The International Boxing Hall of Fame ballots were due today. Here is what my ballot looked like:
Arturo Gatti: I spelled out my reasons for voting for Gatti earlier this month, and nothing has changed. Gatti does not have Hall of Fame credentials — there are plenty of fighters that, based on performance, are more deserving — but he was arguably the most entertaining fighter of his era, a warrior who rarely, if ever, disappointed. There are exceptions to every rule when it comes to Hall voting, and Gatti is it.
Wilfredo Vazquez: A three-division champion — not to mention one of the greatest Puerto Rican fighters of all time — Vazquez shined when the spotlight was brightest: in 21 career title fights, Vazquez was 16-3-2. He was never afraid to fight in someone’s backyard and was dubbed El Viajero (“The Traveler”) for his willingness to fight outside Puerto Rico. In 1996. he scored a stunning victory over featherweight champion Eloy Rojas, when he rallied to drop Rojas twice in the 12th round to win by TKO.
Ken Overlin: Overlin was a warrior. According to boxrec.com, Overlin fought 163 fights as a professional, winning 135 of them. And that was with the two-year break Overlin took to serve his country in World War II. The names Overlin beat in his day aren’t household today, but his wars with Ezzard Charles and Al Hostak were big news in the ’40s. Overlin never shied away from a fight and his resume is littered with Hall of Fame-caliber fighters.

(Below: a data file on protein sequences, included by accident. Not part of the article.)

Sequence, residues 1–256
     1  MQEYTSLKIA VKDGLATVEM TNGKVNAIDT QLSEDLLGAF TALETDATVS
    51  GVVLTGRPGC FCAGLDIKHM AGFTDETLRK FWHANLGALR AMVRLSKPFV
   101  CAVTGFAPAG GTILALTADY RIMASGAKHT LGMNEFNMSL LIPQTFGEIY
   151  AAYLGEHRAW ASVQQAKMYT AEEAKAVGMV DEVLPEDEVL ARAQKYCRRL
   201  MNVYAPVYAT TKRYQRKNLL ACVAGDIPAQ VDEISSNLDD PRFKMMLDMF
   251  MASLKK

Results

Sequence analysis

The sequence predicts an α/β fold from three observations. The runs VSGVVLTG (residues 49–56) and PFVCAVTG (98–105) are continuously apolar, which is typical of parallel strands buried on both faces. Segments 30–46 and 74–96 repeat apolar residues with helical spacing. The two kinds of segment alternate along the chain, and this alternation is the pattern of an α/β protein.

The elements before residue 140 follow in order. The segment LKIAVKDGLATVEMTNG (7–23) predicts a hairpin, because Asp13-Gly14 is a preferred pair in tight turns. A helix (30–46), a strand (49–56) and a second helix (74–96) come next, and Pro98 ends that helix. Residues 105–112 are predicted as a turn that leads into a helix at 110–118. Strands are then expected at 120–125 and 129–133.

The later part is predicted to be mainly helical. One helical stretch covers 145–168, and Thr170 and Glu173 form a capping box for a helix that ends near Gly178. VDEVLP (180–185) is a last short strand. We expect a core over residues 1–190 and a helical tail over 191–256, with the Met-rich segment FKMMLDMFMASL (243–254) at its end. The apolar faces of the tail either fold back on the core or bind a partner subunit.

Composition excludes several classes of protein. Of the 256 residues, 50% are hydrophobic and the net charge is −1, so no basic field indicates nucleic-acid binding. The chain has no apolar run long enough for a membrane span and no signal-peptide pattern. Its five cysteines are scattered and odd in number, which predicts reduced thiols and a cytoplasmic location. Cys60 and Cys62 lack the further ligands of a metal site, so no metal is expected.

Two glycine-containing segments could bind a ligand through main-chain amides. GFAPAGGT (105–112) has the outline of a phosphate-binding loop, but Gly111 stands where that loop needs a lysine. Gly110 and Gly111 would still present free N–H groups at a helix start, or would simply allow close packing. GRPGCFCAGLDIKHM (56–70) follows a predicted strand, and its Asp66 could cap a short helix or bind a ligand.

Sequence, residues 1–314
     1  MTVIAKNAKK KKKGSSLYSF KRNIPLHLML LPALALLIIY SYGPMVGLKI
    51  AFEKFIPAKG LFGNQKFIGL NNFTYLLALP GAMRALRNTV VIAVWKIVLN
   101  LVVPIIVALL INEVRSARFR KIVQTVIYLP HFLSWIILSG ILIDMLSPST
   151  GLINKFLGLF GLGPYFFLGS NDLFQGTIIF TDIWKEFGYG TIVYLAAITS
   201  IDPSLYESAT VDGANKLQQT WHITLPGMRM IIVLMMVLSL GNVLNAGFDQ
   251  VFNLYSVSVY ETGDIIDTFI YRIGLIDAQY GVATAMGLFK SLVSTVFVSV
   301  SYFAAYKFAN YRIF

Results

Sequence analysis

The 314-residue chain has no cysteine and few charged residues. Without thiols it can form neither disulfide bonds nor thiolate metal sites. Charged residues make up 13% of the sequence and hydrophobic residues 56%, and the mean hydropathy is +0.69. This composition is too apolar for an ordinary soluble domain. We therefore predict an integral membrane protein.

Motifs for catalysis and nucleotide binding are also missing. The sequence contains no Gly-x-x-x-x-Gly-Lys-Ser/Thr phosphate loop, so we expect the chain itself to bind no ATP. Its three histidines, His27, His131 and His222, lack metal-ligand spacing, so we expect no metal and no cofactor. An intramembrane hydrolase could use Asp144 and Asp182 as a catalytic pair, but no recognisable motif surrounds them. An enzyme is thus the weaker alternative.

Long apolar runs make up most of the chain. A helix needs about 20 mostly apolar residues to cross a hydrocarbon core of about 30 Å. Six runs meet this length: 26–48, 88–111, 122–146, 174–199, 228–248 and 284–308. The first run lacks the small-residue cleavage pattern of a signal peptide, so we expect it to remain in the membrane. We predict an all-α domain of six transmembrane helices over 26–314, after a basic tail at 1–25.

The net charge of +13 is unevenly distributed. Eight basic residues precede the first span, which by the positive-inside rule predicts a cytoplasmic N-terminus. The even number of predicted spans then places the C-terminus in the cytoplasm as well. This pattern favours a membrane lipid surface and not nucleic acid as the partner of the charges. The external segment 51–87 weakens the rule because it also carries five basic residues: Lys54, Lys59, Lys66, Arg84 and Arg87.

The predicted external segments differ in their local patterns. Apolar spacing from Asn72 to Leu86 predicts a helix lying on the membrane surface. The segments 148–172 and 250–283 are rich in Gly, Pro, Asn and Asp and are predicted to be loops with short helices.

Pone Kingpetch: Great name, huh? Kingpetch was born Mana Seadoagbob but adopted Pone (which signifies the flight of an eagle) and Kingpetch (derived from a camp where he trained in his native Thailand). Kingpetch was a pioneer, the first great champion to come out of Thailand and one of the very first to emerge from Asia. Light-handed, Kingpetch was a stylist whose best attributes were his jab, footwork and agility. Kingpetch was an inspiration to Thai fighters — there is a statue in his honor in his hometown — and a true legend in his time.
– Chris Mannix